evaluate line integrals of vector fields. We’ll start with the vector field,

F ( x, y , z ) = P ( x, y , z ) i + Q ( x, y , z ) j + R ( x, y , z ) k

and the three-dimensional, smooth curve given by

r=(t ) x (t ) i + y (t ) j + z (t ) k a≤t ≤b

The line integral of F along C is

b

∫

C

F d r = ∫ F ( r ( t ) )r ′ ( t ) dt

a

Note the notation in the integral on the left side. That really is a dot product of the vector field and the

( )

differential really is a vector. Also, F r ( t ) is a shorthand for,

F ( r (t )) = F ( x (t ) , y (t ) , z (t ))

We can also write line integrals of vector fields as a line integral with respect to arc length as follows,

∫ F d r = ∫ F T ds

C C

r′ (t )

T (t ) =

r′ (t )

If we use our knowledge on how to compute line integrals with respect to arc length we can see that

this second form is equivalent to the first form given above.

∫

C

F d r = ∫ T ds

F

C

r′ (t )

b

⌠

= F ( r ( t ) ) r ′ ( t ) dt

⌡a r′ (t )

b

= ∫ F ( r ( t ) )r ′ ( t ) dt

a

In general, we use the first form to compute these line integral as it is usually much easier to use. Let’s

take a look at a couple of examples.

Calculus III 243

Example 1 Evaluate ∫ F d r where F ( x, y, z=

) 8 x 2 y z i + 5 z j − 4 x y k and C is the curve given

2 3

C

by r ( t ) =t i + t j + t k , 0 ≤ t ≤ 1 .

Solution

Okay, we first need the vector field evaluated along the curve.

F ( r ( t ) ) = 8t 2 ( t 2 )( t 3 ) i + 5t 3 j − 4t ( t 2 ) k = 8t 7 i + 5t 3 j − 4t 3 k

r′ (t ) =

i + 2t j + 3t 2 k

F ( r ( t ) )r ′ ( t ) =8t 7 + 10t 4 − 12t 5

1

∫ d r =

C

F ∫ 0

8t 7 + 10t 4 − 12t 5 dt

= ( t 8 + 2t 5 − 2t 6 )

1

=1

Example 2 Evaluate ∫ F d r where F ( x, y=

, z ) x z i − y z k and C is the line segment from

C

Solution

We’ll first need the parameterization of the line segment. We saw how to get the parameterization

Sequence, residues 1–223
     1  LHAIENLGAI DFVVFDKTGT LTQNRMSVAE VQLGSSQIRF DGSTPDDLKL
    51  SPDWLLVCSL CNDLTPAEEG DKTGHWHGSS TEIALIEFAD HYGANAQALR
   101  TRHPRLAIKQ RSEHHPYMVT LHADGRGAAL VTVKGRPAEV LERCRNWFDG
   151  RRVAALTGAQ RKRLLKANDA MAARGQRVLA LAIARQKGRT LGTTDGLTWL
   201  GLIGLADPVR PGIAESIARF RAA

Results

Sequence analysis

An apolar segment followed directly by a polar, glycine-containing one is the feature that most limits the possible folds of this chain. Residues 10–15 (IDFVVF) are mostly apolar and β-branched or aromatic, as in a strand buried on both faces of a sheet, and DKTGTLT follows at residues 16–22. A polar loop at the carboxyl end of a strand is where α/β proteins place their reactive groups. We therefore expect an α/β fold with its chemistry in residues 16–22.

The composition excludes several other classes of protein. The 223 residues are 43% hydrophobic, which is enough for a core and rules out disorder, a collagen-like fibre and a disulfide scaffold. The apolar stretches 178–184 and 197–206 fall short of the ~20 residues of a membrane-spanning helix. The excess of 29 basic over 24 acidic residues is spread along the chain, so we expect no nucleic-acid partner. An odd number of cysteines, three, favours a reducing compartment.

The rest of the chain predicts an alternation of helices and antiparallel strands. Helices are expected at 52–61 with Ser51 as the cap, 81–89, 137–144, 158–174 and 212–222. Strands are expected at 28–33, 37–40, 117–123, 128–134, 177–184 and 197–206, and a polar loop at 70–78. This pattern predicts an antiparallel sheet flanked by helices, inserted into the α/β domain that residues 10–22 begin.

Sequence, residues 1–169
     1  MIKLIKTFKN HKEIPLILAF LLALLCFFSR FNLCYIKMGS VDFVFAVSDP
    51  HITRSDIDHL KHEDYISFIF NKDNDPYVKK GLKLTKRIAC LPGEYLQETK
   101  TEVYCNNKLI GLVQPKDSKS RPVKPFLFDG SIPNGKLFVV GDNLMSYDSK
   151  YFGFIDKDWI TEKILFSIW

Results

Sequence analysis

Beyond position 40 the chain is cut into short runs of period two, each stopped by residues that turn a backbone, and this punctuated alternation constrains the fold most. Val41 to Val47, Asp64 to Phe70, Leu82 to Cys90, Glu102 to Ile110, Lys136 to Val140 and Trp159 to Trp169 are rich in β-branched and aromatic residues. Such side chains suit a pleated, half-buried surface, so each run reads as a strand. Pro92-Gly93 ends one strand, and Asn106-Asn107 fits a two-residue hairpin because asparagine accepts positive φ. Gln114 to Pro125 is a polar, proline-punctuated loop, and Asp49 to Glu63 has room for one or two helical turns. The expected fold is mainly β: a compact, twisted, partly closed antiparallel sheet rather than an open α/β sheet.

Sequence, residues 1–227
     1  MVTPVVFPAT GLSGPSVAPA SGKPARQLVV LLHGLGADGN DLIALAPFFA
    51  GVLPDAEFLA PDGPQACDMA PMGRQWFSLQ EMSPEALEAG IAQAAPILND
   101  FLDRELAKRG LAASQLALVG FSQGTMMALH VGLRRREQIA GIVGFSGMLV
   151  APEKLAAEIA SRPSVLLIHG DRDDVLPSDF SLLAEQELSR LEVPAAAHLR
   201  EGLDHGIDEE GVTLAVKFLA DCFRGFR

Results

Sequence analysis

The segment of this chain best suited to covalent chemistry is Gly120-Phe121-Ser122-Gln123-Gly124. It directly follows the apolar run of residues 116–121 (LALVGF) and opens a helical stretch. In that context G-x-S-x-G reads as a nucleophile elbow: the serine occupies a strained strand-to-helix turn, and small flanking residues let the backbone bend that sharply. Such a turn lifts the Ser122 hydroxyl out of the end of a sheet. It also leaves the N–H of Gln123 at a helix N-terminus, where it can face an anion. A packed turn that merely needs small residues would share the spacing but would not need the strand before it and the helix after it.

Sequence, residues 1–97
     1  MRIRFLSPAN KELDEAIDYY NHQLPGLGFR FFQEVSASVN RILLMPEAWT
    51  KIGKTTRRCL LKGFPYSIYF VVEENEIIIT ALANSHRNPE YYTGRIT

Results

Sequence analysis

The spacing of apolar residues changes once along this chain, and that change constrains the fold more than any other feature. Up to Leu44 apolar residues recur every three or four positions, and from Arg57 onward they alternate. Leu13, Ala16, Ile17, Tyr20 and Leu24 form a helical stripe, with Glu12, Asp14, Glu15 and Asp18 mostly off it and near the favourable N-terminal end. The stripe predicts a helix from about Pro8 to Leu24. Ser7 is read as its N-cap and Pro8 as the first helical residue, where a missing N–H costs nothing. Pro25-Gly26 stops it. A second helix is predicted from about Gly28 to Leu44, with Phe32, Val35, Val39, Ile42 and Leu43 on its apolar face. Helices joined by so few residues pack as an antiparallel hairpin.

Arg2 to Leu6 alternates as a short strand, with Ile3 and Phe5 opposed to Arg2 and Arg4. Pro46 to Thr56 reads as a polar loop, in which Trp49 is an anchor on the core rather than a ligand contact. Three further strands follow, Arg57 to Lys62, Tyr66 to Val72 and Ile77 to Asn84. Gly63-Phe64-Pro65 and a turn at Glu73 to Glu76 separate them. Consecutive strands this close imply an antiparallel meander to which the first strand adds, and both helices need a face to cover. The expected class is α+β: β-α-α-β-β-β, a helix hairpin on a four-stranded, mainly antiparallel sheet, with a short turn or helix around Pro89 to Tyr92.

of line segments in the first section on line integrals. We’ve been using the two dimensional version

of this over the last couple of sections. Here is the parameterization for the line.

r ( t ) =(1 − t ) −1, 2, 0 + t 3, 0,1

= 4t − 1, 2 − 2t , t , 0 ≤ t ≤1

So, let’s get the vector field evaluated along the curve.

F ( r (t )) = ( 4t − 1)( t ) i − ( 2 − 2t )( t ) k

= ( 4t 2

− t ) i − ( 2t − 2t 2 ) k

r ′ ( t=

) 4, −2,1

Calculus III 244

F ( r ( t ) )r ′ ( t )= 4 ( 4t 2 − t ) − ( 2t − 2t 2 )= 18t 2 − 6t

1

∫ d r

= ∫ 18t − 6t dt

2

F

0

C

( 6t − 3t 2 )

1

= 3

0

=3

Let’s close this section out by doing one of these in general to get a nice relationship between line

integrals of vector fields and line integrals with respect to x, y, and z.

Given the vector field F ( x, y, z ) = P i + Q j + R k and the curve C parameterized by

r ( t ) = x ( t ) i + y ( t ) j + z ( t ) k , a ≤ t ≤ b the line integral is,

∫ F d =r ∫ a ( P i + Q j + R k )( x′ i + y′ j + z′ k ) dt

b

C

b

= ∫ a Px′ + Qy′ + Rz′ dt

b b b

= ∫ Px′ dt + ∫ Qy′ dt + ∫ Rz ′ dt

a a a

= ∫ P dx + ∫ Q dy + ∫ R dz

C C C

= ∫ P dx + Q dy + R dz

C

∫ d r =

C

F ∫ P dx + Q dy + R dz

C

Note that this gives us another method for evaluating line integrals of vector fields.

This also allows us to say the following about reversing the direction of the path with line integrals of

vector fields.

Fact

∫

−C

F d r = − ∫ F d r

C

This should make some sense given that we know that this is true for line integrals with respect to x, y,

and/or z and that line integrals of vector fields can be defined in terms of line integrals with respect to x,

y, and z.

Calculus III 245

Calculus III 246

In Calculus I we had the Fundamental Theorem of Calculus that told us how to evaluate definite

integrals. This told us,

) dx F ( b ) − F ( a )

F ′ ( x=

b

∫ a

It turns out that there is a version of this for line integrals over certain kinds of vector fields. Here it is.

Theorem

Suppose that C is a smooth curve given by r ( t ) , a ≤ t ≤ b . Also suppose that f is a function whose

gradient vector, ∇f , is continuous on C. Then,

∫ ∇f d =r f ( r (b)) − f ( r ( a ))

C

Note that r ( a ) represents the initial point on C while r ( b ) represents the final point on C. Also, we

did not specify the number of variables for the function since it is really immaterial to the theorem. The

theorem will hold regardless of the number of variables in the function.

Proof

This is a fairly straight forward proof.

For the purposes of the proof we’ll assume that we’re working in three dimensions, but it can be done